Keeping a good attitude can be a constant struggle but do whatever it takes for you to have the ability to find your "zen" at any given moment.  Shit can get cray, especially under stress and pressure but there is something to be said for being that person who can keep the mood light and ease tensions (without being a clown).  No doubt that when pinned between the crossfire of tight deadlines and bearing the brunt of ineffective management decisions, it takes every ounce of strength possible to not spontaneously combust but putting things in perspective is key to keeping chill.  Keep it positive and focused on the project at hand.  If someone is being a dick, take a mental note of what you're dealing with but resist the urge to feed into it.  As time passes, all of that crap fades away and you are left with the fruits of your labor, however simple or grand they might be.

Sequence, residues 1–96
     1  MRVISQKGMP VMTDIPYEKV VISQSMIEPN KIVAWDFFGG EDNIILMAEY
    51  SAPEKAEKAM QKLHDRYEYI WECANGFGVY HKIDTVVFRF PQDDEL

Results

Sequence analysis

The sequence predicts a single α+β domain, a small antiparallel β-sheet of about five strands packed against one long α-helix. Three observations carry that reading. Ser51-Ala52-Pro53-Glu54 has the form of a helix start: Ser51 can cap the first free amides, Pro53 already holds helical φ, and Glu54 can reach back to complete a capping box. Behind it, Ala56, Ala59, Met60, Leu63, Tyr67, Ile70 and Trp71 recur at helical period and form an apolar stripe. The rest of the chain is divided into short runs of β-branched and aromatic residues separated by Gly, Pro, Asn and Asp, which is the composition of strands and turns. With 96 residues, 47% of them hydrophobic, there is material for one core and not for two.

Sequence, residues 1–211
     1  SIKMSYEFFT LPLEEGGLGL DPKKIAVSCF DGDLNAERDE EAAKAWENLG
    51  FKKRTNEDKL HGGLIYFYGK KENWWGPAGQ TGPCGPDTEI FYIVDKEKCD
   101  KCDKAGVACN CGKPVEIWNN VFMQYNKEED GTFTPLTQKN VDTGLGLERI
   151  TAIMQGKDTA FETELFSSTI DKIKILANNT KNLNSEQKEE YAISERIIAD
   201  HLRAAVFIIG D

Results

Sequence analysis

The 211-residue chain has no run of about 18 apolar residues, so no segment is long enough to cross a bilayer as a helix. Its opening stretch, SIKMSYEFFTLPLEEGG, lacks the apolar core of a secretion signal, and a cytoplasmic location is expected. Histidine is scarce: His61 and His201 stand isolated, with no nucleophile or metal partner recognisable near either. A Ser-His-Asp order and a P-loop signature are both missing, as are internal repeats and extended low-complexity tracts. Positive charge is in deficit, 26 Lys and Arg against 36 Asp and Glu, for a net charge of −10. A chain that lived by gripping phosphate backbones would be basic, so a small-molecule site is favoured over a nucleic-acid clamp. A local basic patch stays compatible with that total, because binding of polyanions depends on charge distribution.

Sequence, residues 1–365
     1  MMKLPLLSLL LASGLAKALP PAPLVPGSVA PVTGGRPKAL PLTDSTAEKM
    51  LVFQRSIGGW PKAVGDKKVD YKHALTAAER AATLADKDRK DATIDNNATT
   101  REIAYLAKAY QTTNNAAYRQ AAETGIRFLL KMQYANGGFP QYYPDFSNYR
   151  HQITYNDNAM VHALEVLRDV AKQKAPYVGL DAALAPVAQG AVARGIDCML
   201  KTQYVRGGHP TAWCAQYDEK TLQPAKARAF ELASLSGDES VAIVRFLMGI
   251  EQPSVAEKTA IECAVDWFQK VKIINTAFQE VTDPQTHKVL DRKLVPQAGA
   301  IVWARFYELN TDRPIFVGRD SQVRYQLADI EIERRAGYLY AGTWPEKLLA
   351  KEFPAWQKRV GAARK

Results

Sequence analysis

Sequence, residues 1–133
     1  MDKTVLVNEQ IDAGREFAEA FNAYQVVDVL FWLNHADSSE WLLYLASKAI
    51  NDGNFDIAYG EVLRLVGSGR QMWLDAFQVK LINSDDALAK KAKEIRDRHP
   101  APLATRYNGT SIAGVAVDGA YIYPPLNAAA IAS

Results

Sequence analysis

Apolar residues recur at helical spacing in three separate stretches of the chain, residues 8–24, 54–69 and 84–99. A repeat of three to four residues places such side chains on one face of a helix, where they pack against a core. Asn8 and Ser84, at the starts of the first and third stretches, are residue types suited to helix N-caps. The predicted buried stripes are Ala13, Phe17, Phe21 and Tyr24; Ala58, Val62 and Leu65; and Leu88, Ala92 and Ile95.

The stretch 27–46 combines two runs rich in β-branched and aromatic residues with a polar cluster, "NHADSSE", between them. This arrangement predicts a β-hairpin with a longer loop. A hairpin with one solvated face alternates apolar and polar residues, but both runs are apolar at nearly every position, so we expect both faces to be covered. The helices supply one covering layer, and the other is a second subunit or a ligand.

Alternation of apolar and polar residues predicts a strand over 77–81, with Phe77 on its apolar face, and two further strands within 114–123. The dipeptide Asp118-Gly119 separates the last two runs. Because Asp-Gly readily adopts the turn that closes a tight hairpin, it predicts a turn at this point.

Each job is an opportunity for you to add feathers to your cap, keep things moving and watch yourself grow as new opportunities present themselves.  Ride the wave while things are good and maintain the strength of will to not get sucked into a company's politics.  If shit hits the fan, you're already prepared to make your next move.